Global Diffusion of the Internet: The Internet in Rwanda

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dc.contributor.author Mlay, Samali
dc.contributor.author Balunywa, Lukman
dc.contributor.author Mbarika, Victor
dc.contributor.author Moya, Musa
dc.contributor.author Ngnitedem, Ariel
dc.contributor.author Vegah, Godwill
dc.date.accessioned 2016-01-17T08:08:56Z
dc.date.available 2016-01-17T08:08:56Z
dc.date.issued 2013-12-15
dc.identifier.citation Mlay. S., Balunywa, L., Mbarika, V., Moya, M., Ngnitedem, A., & Vegah, G. (2013). Global diffusion of the Internet: The Internet in Rwanda. The African Journal of Information and Communication (AJIC), 13, 14-29. https://doi.org/10.23962/10539/19273 en_ZA
dc.identifier.issn ISSN 2077-7213 (online version)
dc.identifier.issn ISSN 2077-7205 (print version)
dc.identifier.uri http://hdl.handle.net/10539/19273
dc.identifier.uri https://doi.org/10.23962/10539/19273
dc.description.abstract The article uses the Global Diffusion of the Internet (GDI) framework to examine Internet diffusion in Rwanda along six dimensions: pervasiveness, geographical dispersion, sectoral absorption, connectivity infrastructure, organisational infrastructure, and sophistication of use. Internet access was launched in 1996, but it was only in 2004 that significant Internet penetration occurred, when the privatisation of Rwandatel to Terracom brought in new investments and technology and the ISP market was opened to competition. Access to the Internet grew to approximately 24% of the population in 2012 or 2.7 million subscribers. Internet growth is hampered by factors which include poor resource mobilisation, unrealistic implementation plans, shortage of qualified human resources, a miniscule private sector, low level of private sector involvement and low Internet usage awareness. Despite these challenges, Rwanda has attained Level 4 (pervasive) for pervasiveness, Level 3 (broad) for connectivity infrastructure, Level 2 (controlled) for organisational infrastructure, Level 3 (highly dispersed) for geographic dispersion, Level 3 (common) for sectoral absorption and Level 3 (transforming) for sophistication of use. This limited progress is due partly to the policy focus on addressing Internet access (Vision 2020), and financial support from multilateral and bilateral agencies. Further policy and regulatory action and heightened awareness of the Internet are required to translate the statistics for GDI into greater access. en_ZA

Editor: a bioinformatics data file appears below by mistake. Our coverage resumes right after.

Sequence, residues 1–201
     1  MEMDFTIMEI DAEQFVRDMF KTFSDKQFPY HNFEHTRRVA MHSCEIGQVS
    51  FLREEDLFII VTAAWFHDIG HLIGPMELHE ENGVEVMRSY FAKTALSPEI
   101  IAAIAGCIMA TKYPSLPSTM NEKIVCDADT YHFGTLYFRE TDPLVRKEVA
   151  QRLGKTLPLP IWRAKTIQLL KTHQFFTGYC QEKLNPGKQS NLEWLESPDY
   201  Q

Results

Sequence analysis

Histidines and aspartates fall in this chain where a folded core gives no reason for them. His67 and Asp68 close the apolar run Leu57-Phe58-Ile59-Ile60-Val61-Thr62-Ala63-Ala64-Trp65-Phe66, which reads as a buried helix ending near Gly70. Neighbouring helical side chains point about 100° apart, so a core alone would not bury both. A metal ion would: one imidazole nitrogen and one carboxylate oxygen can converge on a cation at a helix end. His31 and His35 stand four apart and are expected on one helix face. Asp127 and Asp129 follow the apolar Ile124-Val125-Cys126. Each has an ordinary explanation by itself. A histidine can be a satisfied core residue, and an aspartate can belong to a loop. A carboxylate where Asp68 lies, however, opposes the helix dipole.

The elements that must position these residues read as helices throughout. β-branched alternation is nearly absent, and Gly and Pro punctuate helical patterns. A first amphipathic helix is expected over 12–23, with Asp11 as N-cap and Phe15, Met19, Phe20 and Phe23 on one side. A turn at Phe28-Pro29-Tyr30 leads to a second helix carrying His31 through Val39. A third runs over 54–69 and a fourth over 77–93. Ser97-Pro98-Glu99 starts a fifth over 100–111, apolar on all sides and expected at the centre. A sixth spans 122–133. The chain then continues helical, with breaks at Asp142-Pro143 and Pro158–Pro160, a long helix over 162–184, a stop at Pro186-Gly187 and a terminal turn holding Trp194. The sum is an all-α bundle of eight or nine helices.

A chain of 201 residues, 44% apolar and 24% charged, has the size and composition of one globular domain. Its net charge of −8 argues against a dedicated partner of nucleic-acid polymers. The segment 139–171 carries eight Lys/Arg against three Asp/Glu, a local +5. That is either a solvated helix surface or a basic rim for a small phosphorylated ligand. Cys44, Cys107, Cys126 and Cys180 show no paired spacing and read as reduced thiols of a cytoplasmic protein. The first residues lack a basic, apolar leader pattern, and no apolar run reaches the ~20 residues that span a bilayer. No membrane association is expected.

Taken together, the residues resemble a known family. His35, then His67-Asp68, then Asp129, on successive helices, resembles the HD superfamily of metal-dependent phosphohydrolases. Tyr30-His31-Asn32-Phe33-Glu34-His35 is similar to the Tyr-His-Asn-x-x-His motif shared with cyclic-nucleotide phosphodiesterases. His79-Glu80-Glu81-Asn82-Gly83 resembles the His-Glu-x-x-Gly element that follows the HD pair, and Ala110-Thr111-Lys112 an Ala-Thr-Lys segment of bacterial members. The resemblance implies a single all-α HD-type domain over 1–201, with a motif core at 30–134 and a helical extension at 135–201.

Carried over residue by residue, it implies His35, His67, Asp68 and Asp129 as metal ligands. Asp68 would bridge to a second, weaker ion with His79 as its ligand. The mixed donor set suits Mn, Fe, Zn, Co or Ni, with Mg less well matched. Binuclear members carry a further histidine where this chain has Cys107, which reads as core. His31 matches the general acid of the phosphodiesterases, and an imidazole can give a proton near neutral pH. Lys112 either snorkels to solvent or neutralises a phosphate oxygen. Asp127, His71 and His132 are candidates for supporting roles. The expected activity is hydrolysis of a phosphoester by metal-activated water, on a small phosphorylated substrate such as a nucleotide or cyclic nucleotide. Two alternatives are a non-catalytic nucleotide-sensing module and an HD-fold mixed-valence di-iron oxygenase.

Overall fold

dc.language.iso en en_ZA
dc.subject Internet diffusion; GDI framework; ISPs; Rwanda en_ZA
dc.title Global Diffusion of the Internet: The Internet in Rwanda en_ZA
dc.type Article en_ZA
dc.citation.doi https://doi.org/10.23962/10539/19273


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  • AJIC Issue 13, 2013
    Thematic Issue: Leadership in the Electronic Age: A Broad Inter-Disciplinary Practice

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